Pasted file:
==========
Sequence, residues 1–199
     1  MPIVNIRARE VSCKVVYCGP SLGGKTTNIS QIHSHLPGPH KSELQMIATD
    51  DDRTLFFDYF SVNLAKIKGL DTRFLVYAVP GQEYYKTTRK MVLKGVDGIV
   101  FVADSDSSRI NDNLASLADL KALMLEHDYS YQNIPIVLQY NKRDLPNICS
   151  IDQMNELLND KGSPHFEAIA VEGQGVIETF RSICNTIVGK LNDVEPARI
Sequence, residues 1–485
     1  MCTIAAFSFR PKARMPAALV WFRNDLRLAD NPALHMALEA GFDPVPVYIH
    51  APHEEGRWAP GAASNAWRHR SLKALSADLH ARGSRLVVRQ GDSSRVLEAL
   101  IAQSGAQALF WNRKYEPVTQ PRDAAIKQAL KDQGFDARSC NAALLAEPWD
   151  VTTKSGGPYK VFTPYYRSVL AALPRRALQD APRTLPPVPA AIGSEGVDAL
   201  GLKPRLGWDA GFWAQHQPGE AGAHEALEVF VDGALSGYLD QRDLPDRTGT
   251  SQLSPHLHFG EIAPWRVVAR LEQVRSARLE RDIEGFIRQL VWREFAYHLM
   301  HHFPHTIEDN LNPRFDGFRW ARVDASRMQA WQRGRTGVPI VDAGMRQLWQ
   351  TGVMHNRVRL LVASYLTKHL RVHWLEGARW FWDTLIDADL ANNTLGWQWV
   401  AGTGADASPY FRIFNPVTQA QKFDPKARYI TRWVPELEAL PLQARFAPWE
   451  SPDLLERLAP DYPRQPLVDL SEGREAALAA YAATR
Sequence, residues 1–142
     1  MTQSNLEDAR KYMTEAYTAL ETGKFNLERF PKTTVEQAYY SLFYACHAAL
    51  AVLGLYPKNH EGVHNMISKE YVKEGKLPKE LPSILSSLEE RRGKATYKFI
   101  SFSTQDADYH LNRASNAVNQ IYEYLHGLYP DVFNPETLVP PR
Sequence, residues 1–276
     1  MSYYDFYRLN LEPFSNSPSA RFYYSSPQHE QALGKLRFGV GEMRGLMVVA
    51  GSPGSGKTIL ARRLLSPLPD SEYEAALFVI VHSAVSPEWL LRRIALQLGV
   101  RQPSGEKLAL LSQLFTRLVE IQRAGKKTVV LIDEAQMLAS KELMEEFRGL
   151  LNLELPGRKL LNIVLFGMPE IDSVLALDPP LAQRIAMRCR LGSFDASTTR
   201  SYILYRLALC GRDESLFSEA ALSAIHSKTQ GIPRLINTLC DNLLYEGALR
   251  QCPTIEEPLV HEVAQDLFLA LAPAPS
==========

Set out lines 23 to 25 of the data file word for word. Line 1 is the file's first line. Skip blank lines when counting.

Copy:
    51  GSPGSGKTIL ARRLLSPLPD SEYEAALFVI VHSAVSPEWL LRRIALQLGV
   101  RQPSGEKLAL LSQLFTRLVE IQRAGKKTVV LIDEAQMLAS KELMEEFRGL
   151  LNLELPGRKL LNIVLFGMPE IDSVLALDPP LAQRIAMRCR LGSFDASTTR